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Oculus buys hand-tracking firm Pebbles Interfaces

Now that Facebook owns VR firm Oculus, the firm has much deeper pockets, allowing it to simply buy companies that offer technology that could make its VR offering all the more impressive. Today, Oculus took to its blog to announce that it had acquired another such firm, this time the hand tracking firm known as Pebbles Interfaces.

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“We’re excited to announce,” runs Oculus’s related statement, “that we’ve entered into an agreement to acquire Pebbles Interfaces — one of the leading teams in depth sensing technology and computer vision.”

Because the acquisition is still in the early stages, Oculus has not announced any plans for what it intends to do with the company and its technology, but with the outcry of people who were not happy that an Xbox controller was the first method of input for the headset, having real hand-tracking down the line could help make the VR experience quite a bit more authentic.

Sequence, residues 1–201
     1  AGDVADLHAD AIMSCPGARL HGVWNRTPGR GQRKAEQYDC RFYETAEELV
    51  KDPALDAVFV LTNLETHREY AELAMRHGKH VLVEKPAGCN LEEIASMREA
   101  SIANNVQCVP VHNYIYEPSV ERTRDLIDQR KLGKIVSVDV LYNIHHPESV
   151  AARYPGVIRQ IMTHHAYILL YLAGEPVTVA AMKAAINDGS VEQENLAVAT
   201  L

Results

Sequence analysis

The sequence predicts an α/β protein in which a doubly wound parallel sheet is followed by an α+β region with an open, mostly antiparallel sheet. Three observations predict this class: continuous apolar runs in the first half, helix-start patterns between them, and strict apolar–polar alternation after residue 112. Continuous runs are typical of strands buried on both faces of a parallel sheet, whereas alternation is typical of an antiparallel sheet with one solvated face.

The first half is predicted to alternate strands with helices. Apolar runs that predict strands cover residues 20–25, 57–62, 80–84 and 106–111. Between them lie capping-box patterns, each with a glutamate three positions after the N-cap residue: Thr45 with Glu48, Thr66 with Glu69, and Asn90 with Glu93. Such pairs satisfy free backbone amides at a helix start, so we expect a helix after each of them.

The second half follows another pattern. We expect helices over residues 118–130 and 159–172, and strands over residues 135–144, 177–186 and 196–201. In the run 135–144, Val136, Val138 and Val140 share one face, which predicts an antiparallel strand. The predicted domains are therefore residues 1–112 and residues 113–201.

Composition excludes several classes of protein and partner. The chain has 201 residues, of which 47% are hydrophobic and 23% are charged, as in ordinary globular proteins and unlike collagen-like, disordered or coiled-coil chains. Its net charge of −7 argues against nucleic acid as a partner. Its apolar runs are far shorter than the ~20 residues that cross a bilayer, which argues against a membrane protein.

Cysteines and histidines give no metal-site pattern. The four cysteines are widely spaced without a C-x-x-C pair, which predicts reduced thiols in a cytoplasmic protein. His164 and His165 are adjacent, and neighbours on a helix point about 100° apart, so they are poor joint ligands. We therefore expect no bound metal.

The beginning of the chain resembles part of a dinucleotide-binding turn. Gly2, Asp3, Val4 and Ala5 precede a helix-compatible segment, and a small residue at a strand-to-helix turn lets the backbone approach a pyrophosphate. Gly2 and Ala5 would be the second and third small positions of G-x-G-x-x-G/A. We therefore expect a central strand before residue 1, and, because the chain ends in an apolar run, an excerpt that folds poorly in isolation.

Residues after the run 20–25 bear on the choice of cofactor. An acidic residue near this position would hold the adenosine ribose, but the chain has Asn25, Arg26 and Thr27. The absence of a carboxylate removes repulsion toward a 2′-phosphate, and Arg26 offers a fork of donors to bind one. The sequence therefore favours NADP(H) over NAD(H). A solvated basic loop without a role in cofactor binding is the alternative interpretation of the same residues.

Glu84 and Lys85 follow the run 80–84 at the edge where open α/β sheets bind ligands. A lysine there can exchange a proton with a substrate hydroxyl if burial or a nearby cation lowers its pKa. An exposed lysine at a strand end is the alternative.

Oculus didn’t officially disclose a dollar amount for the purchase, but the Wall Street Journal is reporting that Facebook paid $60 million to bring the company and its technology into the fold.

Related: 3 reasons the first VR headsets will suck … but I’m buying one anyway

As for Pebbles Interfaces, the key advance that the Israel-based firm has developed is technology that offers the ability for a user to see their own hands and fingers when looking at them in VR, something that helps to remove a great deal of the disconnect between the real world and the virtual one. Oculus says that, “Pebbles Interfaces will be joining the hardware engineering and computer vision teams at Oculus to help advance virtual reality, tracking, and human-computer interactions.”

Oculus posted a demo video of the technology, which you can see below:

This is another in a fairly long line of acquisitions for Oculus, with the company having just recently purchased Nimble VR and Surreal Vision. In total, Oculus has purchased six other firms, and with Facebook behind it, there’s every reason to expect that more purchases of companies that can help improve its VR offering are to follow.